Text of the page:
We’re looking to be environmentally conscious without too many restrictions. We have a small custom made parts business so the shed will draw a far amount of power but if I can lighten my footprint a bit I’m more than happy too.

Every little change for the better I can make, I will make. Most people think I’m crazy building what we are now and it’s just a weatherboard looking home with good orientation and layout!


#11

Just between you and me :slight_smile: I think downlights are a bad idea that should never have been allowed.

However downlights and LEDs are two independent factors.

While I too would strongly support the use of LED lighting, dimmable LED globes are still relatively expensive.


#12

Hot water is a tricky question. If your climate is such that you can do 90% of the job with solar hot water then how you boost it may not matter so much. However for most people that isn’t the case and PV electricity, particularly via battery, is an inefficient way of getting hot water. Instantaneous gas boost may be preferable. (The actual gas heater unit will be outside, so it doesn’t matter that it is consuming oxygen, and won’t make your air stale.)

So that decision could come down to your choice of ideological purity v. efficiency. (Even though the electricity is notionally free, in reality there was a high initial cost and so inefficiency does cost you money.)

Another question is the placement of the hot water tank i.e. split system v. integrated - which probably comes down to climate.

Finally, it is worth considering that an “all electric” arrangement has a single point of failure. If some part of the system is being serviced or has failed then you’ve got nothing.


#13

I’m not sure what style of LED downlights are being discussed. Our kitchen and main living areas are all LED downlights for regular lighting. The lights come as a single housing with the LED built into the housing. Once they are clipped into the ceiling there is zero air gap and zero leakage. The disadvantage is at end of life the whole unit needs to be replaced.

The first stage of our upgrade 2015 used LG branded lights. They dim wonderfully off a solid state dimmer. Four on one circuit.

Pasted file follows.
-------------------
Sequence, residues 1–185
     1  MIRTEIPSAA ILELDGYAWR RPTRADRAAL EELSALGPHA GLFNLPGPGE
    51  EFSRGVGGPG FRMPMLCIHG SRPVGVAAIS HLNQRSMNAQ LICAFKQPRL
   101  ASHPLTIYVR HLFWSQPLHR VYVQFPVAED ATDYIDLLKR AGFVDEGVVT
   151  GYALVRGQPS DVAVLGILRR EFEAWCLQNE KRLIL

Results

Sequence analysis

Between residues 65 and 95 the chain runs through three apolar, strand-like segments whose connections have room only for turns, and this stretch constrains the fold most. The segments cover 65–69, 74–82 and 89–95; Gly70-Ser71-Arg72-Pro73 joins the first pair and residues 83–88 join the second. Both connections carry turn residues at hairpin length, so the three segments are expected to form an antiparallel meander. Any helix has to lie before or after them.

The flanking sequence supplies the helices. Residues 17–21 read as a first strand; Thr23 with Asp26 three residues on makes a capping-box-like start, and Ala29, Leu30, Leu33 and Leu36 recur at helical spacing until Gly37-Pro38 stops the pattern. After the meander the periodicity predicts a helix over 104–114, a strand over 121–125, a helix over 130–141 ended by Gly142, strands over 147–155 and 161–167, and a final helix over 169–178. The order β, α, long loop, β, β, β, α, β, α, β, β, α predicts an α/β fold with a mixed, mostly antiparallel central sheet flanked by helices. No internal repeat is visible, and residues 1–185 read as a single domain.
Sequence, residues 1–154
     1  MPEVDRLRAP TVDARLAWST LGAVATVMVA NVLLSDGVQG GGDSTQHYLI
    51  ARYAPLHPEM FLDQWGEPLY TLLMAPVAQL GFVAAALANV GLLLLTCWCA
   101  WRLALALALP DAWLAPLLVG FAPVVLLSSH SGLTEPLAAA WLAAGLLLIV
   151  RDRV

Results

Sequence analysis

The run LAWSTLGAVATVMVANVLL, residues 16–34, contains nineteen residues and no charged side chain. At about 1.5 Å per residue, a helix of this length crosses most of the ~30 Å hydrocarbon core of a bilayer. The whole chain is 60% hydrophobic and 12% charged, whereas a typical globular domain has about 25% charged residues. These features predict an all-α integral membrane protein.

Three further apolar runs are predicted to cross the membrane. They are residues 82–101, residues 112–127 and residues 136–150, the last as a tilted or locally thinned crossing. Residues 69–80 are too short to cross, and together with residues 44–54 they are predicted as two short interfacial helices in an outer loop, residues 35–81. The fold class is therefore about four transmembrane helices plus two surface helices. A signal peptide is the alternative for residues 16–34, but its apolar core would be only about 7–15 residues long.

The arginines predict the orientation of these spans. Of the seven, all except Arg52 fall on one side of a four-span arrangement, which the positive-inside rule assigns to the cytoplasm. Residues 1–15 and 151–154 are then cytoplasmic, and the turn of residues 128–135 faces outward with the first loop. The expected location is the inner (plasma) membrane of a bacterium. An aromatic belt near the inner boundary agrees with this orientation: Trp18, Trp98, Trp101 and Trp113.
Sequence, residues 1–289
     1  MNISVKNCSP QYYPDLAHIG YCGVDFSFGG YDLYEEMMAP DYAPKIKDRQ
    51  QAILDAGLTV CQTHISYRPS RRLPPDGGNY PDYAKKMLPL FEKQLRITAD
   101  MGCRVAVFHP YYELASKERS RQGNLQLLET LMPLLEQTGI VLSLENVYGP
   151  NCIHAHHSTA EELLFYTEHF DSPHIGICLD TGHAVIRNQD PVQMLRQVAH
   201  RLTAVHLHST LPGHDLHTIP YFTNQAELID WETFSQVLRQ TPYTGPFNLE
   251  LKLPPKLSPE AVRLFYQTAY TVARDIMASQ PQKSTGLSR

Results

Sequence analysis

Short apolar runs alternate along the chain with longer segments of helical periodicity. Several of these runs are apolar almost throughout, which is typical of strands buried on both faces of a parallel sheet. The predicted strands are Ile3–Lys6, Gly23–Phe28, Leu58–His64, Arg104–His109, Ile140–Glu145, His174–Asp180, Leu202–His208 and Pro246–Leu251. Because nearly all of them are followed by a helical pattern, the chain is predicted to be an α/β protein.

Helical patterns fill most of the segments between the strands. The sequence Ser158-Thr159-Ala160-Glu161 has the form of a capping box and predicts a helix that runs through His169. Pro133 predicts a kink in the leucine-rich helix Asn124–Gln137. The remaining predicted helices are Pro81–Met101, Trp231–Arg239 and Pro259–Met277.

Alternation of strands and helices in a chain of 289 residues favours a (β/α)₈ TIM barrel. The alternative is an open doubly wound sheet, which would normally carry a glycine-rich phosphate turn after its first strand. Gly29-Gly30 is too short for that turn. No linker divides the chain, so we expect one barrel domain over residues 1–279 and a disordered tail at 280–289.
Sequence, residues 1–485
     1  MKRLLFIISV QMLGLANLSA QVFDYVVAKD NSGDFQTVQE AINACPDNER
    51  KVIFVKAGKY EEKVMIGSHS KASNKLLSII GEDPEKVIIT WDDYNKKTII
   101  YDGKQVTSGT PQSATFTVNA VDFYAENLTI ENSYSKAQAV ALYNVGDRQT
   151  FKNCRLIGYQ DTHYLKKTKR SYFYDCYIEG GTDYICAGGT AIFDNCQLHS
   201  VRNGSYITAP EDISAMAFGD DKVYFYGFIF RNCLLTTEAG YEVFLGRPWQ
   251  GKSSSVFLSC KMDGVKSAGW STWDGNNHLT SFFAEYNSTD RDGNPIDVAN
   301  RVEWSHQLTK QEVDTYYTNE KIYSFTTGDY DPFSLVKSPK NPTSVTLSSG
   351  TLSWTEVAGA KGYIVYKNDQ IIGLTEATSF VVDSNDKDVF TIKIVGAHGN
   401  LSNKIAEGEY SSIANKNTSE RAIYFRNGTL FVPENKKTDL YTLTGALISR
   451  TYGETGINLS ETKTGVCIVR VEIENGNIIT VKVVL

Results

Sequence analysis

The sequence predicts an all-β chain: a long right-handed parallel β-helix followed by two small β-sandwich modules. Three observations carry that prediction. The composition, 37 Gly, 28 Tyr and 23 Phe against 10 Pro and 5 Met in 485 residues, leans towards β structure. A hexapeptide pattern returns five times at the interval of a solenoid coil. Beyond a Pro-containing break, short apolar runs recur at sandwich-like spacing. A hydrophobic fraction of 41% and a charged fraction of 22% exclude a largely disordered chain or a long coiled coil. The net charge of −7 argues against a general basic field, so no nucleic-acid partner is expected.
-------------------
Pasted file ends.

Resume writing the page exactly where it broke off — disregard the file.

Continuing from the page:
The second stage for three rooms 2016 we were able to obtain a similar fully enclosed and sealed downlight fitting with a CE rating. These were supplied from L&H. They were also designed for dimming using an electronic dimmer.

So there may be solutions to suit your needs and enable you to use LED down lights while maintaining the integrity of the ceiling insulation? They are now one third the price of what we had to pay!

Just an example


#14

Ditto (for LED globes generally).

Whether to use downlights is an aesthetic choice, regardless of globe technology. This industrial vibe is all the go these days. :slight_smile: Not my cup of tea.


#15

We have an older house, and use them as a discrete way to add light as needed. It’s also a long way to the ceiling? We have feature dangling light/s and lamps in each room that serve as the main lights. Also all LED.

P.s.
Our style sense isn’t driven by the vintage of the house. Technically it should be lit with whale oil lamps and candles, given it’s age and history. There’s just a lack of authentic 19th century electrical lamps these days. Perhaps carbon arc lamps which were all the rage for a modern street light from the 1870’s?

LED lighting offers much more to realising unique or retro designs?


#16

Hi ‘Person’
There has been a radical change in the construction of downlights. The old halogen downlights, usually gimbal type, were truly dangerous and they also leaked massive amounts of air. The massive restrictions in their use because of the fire hazard not only to insulation but also to the construction of the house. This was all because of the massive heat from the halogen lamp.
However, the new LED downlights are completely different. Not only do they use far less power , they operate at far lower temperature. This means the downlight can be constructed to allow it the be fully covered by insulation (IC), some can actually be in contact with wood structure (IC-4).

Also, dimming is possible for many LED lamps and it does not add a lot to the cost to the fitting. Generally downlights are far less expensive than surface lights - it is possible to get a downlight for the same price, possibly less than a very basic ceiling light.
As for dimming, the dimmer is the biggest cost, they are all very expensive - do not buy a cheap one to save money as they will not work!

The best place to check out lights is on-line. If they do not list the insulation rating then email the site. They generally state whether a downlight is dimmable.


#17

We built a new house last year and I found the yourhome.gov.au website fantastic. They have a page devoted to appliances which might give you some ideas: http://yourhome.gov.au/energy/appliances